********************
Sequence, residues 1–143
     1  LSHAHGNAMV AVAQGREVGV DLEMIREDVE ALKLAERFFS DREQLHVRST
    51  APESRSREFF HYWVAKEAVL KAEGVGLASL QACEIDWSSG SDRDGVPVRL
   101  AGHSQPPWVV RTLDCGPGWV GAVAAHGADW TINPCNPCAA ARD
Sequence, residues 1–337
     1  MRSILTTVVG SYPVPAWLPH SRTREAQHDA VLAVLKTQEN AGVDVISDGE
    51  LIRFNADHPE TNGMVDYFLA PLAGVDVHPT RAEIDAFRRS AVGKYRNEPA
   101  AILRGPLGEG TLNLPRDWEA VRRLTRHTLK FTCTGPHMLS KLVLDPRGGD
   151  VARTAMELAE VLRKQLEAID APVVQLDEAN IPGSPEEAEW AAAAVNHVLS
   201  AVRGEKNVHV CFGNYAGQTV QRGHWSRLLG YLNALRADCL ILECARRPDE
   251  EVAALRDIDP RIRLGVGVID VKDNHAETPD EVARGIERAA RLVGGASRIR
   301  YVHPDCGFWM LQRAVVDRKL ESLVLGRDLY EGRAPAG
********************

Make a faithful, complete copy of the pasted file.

Sequence, residues 1–143
     1  LSHAHGNAMV AVAQGREVGV DLEMIREDVE ALKLAERFFS DREQLHVRST
    51  APESRSREFF HYWVAKEAVL KAEGVGLASL QACEIDWSSG SDRDGVPVRL
   101  AGHSQPPWVV RTLDCGPGWV GAVAAHGADW TINPCNPCAA ARD
Sequence, residues 1–337
     1  MRSILTTVVG SYPVPAWLPH SRTREAQHDA VLAVLKTQEN AGVDVISDGE
    51  LIRFNADHPE TNGMVDYFLA PLAGVDVHPT RAEIDAFRRS AVGKYRNEPA
   101  AILRGPLGEG TLNLPRDWEA VRRLTRHTLK FTCTGPHMLS KLVLDPRGGD
   151  VARTAMELAE VLRKQLEAID APVVQLDEAN IPGSPEEAEW AAAAVNHVLS
   201  AVRGEKNVHV CFGNYAGQTV QRGHWSRLLG YLNALRADCL ILECARRPDE
   251  EVAALRDIDP RIRLGVGVID VKDNHAETPD EVARGIERAA RLVGGASRIR
   301  YVHPDCGFWM LQRAVVDRKL ESLVLGRDLY EGRAPAG